Every now and then I’m struck with a moment of inspiration. Sometimes it’s productive, forward-thinking and important, but more often it’s just a little weird. When I’m playing with all my homemade electricity generating gadgets, I always seem to think up the weirdest scenarios and questions. This brings me to my most recent one: How much electricity can the human body take?
Obviously I want to know how much it can take pre-death. I’m not talking about tasing a body and recording the results. That’s no fun, just slightly psychotic and disturbing. I’ve always wondered how much electricity it takes to push a human over the barrier. As useless as this information might seem, it could come in useful should you want to pull some electricity themed human stunt (which I certainly don’t recommend).
Now, it’s important to differentiate between the different measures of electricity. It’s a commonly held belief that voltage can kill you, which is less than true. The human body can handle thousands of volts without harm, which is why tasers and other electronic immobility devices can have such a high voltage rating without any danger of killing or permanently injuring people.
In order to kill someone, there would need to be a combination of voltage and current running through their body. Voltage along doesn’t kill a human, or even likely harm one. A steady stream of voltage and current running to the heart and other vital organs would cause damage to a human body, ranging from light damage to permanent damage and death as the current increases.
There’s a third factor that you need to consider, which is the variable resistance that a human body can produce to combat the flow of electricity. Human bodies aren’t fantastic resistors, but they do provide some resistance to electrical flow. The higher the level of resistance, the lower the lower the flow of voltages. How is this important to calculating how much electricity a human can take? Well, the lower the flow of voltages throughout the human body, the greater the amount of electricity the body can take, and the lower the risk of death by electrocution.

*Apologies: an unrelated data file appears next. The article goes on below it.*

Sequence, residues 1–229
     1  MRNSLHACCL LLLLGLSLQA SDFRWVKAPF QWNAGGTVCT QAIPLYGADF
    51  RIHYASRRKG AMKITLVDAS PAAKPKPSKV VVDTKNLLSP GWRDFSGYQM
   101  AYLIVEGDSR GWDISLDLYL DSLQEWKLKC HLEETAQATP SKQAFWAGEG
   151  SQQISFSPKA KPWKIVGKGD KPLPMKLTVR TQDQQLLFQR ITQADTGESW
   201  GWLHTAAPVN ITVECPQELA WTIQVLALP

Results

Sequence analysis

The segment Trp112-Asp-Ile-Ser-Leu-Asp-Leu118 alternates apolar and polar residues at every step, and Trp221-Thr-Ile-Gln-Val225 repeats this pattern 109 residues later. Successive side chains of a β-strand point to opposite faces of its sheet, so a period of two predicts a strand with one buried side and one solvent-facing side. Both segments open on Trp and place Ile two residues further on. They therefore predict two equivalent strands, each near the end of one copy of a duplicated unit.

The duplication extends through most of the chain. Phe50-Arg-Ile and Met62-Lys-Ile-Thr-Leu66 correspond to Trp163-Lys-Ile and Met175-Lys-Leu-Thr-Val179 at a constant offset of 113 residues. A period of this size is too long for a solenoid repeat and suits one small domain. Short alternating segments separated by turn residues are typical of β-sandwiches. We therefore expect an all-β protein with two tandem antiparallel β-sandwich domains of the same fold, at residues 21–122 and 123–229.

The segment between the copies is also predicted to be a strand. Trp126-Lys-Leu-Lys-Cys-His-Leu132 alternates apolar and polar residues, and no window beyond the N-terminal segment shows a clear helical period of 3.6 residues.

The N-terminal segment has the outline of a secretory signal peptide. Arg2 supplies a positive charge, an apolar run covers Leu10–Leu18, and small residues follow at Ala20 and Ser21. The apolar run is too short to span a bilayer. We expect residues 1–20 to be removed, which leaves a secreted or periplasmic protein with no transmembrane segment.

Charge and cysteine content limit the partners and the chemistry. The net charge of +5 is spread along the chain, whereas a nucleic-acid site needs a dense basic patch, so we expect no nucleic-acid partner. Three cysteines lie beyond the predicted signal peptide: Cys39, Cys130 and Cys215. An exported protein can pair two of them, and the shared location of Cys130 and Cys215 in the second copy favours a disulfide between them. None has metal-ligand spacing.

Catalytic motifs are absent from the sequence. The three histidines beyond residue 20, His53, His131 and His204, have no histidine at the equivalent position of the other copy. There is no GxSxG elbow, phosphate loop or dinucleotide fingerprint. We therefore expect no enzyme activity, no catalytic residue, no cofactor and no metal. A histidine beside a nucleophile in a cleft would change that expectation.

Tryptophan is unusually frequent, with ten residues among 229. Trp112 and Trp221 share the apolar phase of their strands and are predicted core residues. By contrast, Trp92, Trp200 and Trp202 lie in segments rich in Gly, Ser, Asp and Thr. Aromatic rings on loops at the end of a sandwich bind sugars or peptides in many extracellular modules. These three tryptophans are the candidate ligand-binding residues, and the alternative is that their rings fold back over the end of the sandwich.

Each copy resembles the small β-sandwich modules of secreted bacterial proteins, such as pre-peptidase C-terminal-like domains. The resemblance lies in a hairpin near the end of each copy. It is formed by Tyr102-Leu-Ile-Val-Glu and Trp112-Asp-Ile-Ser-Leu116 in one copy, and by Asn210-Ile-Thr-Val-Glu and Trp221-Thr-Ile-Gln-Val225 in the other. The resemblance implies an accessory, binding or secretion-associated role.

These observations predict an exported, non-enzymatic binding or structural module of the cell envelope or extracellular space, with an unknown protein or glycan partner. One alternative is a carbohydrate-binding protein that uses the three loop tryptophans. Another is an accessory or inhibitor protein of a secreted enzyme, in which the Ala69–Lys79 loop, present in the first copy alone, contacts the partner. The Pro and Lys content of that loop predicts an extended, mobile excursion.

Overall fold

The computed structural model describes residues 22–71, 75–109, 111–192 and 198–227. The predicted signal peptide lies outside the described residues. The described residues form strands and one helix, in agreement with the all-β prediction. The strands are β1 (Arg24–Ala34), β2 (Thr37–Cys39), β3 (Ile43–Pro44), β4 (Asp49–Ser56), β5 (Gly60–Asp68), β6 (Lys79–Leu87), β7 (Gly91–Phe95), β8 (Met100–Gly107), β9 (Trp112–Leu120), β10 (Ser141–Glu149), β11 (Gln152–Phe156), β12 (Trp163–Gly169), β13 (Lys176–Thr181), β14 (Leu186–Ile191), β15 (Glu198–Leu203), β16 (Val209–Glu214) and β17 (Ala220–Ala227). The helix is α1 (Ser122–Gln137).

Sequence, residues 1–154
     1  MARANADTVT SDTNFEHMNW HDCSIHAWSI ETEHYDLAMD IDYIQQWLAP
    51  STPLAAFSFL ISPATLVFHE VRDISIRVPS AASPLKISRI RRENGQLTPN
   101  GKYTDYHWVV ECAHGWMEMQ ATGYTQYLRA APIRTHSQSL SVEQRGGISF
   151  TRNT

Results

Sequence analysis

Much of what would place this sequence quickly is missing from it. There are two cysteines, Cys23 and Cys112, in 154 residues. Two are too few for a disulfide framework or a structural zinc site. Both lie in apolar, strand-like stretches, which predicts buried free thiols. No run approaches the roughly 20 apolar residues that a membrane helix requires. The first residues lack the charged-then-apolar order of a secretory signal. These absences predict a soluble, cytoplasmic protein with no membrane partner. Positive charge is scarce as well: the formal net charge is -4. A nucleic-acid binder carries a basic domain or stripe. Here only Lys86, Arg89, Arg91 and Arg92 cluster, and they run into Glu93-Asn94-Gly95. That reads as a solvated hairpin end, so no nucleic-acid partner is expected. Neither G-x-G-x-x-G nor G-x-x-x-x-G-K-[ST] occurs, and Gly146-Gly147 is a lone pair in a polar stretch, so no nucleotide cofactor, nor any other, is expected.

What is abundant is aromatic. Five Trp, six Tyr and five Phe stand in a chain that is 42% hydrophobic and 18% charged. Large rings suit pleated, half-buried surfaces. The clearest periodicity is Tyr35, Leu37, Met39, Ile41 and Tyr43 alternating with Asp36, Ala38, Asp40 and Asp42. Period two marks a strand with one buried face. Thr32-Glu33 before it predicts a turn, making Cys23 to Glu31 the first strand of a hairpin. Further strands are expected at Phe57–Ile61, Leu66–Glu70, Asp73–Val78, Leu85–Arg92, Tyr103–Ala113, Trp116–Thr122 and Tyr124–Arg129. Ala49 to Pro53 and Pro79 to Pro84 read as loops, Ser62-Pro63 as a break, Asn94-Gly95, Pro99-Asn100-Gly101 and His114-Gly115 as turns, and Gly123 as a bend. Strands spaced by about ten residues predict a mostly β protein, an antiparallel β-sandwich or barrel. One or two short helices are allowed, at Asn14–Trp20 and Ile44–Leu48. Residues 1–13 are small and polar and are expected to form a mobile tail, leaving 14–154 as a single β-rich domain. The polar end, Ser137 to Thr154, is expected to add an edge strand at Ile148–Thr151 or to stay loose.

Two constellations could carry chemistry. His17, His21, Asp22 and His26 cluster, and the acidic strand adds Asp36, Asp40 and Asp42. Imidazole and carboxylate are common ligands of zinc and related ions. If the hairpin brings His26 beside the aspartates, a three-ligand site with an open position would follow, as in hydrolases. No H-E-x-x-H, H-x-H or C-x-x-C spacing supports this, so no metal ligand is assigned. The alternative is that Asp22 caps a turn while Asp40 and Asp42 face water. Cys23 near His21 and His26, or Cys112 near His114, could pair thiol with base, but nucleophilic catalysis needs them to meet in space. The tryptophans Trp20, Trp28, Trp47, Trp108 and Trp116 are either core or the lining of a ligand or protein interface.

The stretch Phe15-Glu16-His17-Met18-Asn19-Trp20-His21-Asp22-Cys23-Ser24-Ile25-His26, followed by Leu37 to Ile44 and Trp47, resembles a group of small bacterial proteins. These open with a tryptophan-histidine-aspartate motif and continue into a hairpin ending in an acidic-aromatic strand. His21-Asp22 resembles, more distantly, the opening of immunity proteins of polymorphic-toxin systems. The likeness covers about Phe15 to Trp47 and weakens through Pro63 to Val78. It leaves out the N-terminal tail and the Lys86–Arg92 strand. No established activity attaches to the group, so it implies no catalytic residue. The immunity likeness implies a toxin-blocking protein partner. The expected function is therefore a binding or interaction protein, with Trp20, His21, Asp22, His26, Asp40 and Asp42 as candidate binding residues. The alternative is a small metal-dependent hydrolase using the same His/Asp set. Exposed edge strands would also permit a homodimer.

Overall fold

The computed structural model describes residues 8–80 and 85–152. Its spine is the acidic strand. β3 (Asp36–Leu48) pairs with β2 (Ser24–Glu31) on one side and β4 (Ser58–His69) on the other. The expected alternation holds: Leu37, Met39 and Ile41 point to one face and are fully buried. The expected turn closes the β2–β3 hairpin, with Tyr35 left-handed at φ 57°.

If you need an uber-geeky tutorial on electrical currents, check out this equation:
I = E / R
Think of ‘I’ as the current, E as the voltage, and R as the resistance. When you put a voltage next to a high level of resistance, it’ll diminish in its results. You’ve got to be careful about this calculation, as often on the human body outside factors are introduced. If you’re wet when you’re electrocuted, you’ll be less resistant and more likely to die of electrocution. On the other hand, a relatively dry body will provide more resistance due to the lower levels of highly conductive moisture.
Hopefully this nerdy science lesson answered a few of your questions, and imprinted you with the idea to never, ever try and test this theory. While it’s unclear how much electricity a human body can take, it’s generally accepted that even low amounts of current can permanently damage the human body. Let this one stay as a bizarre thought in your head, not a thesis for a science experiment.